via Moak: Watch for spring storm scammers, Hood warns, clarionledger.com, 3/7/2016
This may come as a surprise to you who read my columns regularly, but I must confess that I despise the term “scam.” It’s just such an unseemly word, one that makes you feel dirty just saying it, akin to “scum,” “sleaze” or many other words unfit for a family newspaper. The people who do these things were once referred to as “con-artists,” “swindlers,” “hustlers” or “snake-oil salesmen.” Regardless of the context, though, pretty much everybody now understands what we mean when we use the term “scam,” or “scammer.” (By the way, I refuse to use the term “scam artist,” as that would constitute an insult to those who can legitimately claim the title “artist.” Instead, I usually say “scammer” or “crook.”. Sometimes, however, officials use that term as part of a quote, such as Attorney General Jim Hood does below.)
Incidentally (and perhaps fittingly), the word scam itself appears to have an uncertain pedigree. Some sources (such as the Online Etymology Dictionary) suggest the word might have evolved from scamp, typically used to refer to a highway robber, with that term itself arising from scamper (to run away hastily). Etymology aside, we’re stuck with the term.
Hardly a day goes by that my inbox isn’t full of scam warnings of some kind or other. But one last week reminds us that the people who do these types of things are just not operating under direction of what (according to any accepted definition) we’d call a “moral compass.” Scammers will victimize the unwary, uneducated, needy and greedy, but are also no respecter of class, race, educational level, age or status. And they will pounce on people who are at their most vulnerable, as when their lives have been disrupted by storms.
Attorney General Hood cautioned Mississippians last week to be wary of crooks who are trying to prey on disaster victims. And every time a storm passes through, therewillbe victims. “Mississippi has recently been hit hard by storms, everything from tornadoes to hail storms and flash flooding,” Hood said. “In these situations, Mississippians are vulnerable to fraud. I want to ensure that Mississippi storm victims are not victimized by unscrupulous contractors or other scam artists who prey on misfortune.”
Since last week (Feb. 29-March 4) was designated as Severe Weather Preparedness Week, it might be a good idea to brush up on how to recognize a scam. In the wake of a catastrophic weather event, such as a tornado or hurricane, the first few days will be chaotic. People will be in and out of affected areas as they attempt to make repairs, assess the damage and get help. Usually, law enforcement will try to seal off an area from people who have no business being there for a few days, but eventually, the roads will be filled with contractor trucks, disaster relief agency vehicles, trailers and repair crews. This is mostly a good thing, because people need lots of help after a weather-related catastrophe. But among the well-intentioned folks, there are likely to be some scammers, too. What doesn’t help the situation is that, if you have a large hole in your roof, you’ve got to get it fixed pretty fast. There is a lot of pressure on homeowners to make temporary repairs.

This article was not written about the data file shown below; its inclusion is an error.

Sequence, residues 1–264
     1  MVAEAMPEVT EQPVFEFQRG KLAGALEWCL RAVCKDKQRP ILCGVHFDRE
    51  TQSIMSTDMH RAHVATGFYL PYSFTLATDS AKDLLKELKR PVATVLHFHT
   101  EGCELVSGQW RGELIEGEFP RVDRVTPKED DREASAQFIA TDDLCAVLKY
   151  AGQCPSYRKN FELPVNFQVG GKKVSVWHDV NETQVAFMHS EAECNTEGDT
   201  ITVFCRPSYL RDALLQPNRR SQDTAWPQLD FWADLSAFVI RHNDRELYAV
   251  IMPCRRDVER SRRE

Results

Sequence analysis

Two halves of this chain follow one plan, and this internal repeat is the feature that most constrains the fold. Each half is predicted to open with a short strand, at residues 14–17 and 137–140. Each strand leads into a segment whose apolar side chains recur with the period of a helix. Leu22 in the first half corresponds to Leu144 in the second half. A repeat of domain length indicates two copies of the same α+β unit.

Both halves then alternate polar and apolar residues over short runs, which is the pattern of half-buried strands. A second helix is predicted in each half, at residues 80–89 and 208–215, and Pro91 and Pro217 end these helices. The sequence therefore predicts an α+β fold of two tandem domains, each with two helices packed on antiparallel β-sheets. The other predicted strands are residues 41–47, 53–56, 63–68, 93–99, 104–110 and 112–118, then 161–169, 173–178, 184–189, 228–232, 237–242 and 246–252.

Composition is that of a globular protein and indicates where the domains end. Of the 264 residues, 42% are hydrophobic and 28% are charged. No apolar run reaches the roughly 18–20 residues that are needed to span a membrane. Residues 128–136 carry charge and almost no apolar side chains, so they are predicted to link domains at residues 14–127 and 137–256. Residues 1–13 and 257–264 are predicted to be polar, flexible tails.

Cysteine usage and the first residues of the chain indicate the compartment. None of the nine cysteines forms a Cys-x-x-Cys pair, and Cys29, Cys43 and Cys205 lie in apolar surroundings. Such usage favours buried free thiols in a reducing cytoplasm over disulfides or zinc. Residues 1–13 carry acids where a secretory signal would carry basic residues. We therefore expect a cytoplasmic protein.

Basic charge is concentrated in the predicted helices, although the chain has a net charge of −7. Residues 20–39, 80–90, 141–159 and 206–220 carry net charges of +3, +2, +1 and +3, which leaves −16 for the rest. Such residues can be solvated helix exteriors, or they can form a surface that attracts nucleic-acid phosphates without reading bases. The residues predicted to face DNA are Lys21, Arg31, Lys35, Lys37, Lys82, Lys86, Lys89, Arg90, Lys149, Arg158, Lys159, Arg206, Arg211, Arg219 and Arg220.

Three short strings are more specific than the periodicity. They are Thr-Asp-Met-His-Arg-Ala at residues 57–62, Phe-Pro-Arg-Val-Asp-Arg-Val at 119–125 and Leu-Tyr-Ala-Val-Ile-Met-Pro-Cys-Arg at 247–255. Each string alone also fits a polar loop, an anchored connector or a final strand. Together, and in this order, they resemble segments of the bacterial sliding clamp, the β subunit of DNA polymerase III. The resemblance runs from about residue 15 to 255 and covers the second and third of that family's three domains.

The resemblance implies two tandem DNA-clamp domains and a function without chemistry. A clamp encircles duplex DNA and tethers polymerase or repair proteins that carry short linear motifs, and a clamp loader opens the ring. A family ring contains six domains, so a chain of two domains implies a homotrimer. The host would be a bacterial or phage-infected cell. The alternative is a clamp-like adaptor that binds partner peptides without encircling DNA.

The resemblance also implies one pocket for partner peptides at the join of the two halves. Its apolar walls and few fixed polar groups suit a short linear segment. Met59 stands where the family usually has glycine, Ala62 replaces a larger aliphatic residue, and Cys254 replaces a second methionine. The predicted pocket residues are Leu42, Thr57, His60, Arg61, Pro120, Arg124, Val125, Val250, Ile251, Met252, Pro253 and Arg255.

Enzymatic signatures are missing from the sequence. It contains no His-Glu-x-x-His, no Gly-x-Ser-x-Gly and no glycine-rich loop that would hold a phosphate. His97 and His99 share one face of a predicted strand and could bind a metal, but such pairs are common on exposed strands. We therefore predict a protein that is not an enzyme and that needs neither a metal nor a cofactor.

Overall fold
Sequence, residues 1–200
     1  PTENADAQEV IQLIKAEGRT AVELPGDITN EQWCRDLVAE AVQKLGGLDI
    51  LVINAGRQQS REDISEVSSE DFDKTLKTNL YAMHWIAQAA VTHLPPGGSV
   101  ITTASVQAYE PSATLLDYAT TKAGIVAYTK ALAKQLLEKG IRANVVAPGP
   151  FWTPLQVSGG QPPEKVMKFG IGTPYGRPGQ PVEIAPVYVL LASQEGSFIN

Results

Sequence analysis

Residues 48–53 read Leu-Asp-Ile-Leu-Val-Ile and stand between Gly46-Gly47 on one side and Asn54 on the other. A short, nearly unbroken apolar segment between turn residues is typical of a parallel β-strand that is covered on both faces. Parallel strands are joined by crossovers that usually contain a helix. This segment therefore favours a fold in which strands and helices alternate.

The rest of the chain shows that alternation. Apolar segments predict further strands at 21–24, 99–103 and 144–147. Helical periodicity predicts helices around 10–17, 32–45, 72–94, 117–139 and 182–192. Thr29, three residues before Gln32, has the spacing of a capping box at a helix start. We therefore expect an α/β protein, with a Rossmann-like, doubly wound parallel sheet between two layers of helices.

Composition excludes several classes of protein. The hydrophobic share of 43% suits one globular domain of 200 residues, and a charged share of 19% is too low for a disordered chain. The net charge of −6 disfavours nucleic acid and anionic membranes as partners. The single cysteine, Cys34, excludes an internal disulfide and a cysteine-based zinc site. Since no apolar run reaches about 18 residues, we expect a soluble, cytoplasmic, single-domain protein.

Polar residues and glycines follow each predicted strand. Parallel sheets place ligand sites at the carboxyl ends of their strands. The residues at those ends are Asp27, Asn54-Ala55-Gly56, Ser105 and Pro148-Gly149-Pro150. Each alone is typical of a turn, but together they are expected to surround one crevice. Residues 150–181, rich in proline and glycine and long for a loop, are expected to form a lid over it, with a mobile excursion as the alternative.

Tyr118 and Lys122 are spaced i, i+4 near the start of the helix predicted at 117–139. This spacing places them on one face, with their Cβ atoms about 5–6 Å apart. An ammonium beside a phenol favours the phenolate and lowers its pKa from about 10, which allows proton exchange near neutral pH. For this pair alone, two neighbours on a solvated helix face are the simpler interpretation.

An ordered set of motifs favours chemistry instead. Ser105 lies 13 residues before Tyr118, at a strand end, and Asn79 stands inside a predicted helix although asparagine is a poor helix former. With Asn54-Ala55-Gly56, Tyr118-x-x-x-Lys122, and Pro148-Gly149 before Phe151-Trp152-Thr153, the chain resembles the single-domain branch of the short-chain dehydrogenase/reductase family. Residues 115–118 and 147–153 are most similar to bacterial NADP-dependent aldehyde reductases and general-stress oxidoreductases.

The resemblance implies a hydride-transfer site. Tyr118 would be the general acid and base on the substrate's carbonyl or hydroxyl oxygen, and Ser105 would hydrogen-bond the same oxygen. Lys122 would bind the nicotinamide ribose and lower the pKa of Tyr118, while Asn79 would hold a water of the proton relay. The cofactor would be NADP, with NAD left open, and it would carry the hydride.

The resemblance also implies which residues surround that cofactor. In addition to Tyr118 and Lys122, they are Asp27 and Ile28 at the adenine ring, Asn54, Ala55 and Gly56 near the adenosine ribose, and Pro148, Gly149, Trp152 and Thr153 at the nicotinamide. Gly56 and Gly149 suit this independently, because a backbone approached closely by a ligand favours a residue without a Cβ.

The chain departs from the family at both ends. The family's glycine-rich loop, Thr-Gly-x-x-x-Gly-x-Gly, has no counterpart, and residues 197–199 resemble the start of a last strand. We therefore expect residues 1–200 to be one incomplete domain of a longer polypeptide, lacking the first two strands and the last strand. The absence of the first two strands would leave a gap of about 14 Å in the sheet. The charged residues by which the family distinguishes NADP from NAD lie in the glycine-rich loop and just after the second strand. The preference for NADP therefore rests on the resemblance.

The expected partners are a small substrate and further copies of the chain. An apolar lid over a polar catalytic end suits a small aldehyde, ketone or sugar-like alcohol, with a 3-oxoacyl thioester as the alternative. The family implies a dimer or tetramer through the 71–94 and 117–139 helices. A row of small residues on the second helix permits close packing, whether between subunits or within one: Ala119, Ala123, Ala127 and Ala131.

Therefore, if somebody comes to your storm-ravaged area and offers to make repairs, here are a few things Hood suggests:
- Always get more than one estimate. Ensure that all quotes are in writing for the full scope of the work.
- Have a written home repair contract in place before allowing work to begin. A contractor who won’t put pricing or warranty information in writing may be planning to defraud you.
- Request references and follow up with these references. Don’t assume that just because a reference is provided that it is a positive one.
- Use Mississippi contractors if you can. Verify that the contractor is licensed and insured.
- Be wary of supposed contractors who come to your home soliciting business. Most reputable contractors will be busy and won’t need to solicit business.
It’s also good advice to take the time to download a copy of a “model contract” before you need it, and formulate your own disaster plan. These and other storm-related resources are available at www.agjimhood.com. And finally, if you’ve been conned or victimized by home repair fraud, call the Consumer Protection Division at (601) 359-4230 or (800) 281-4418.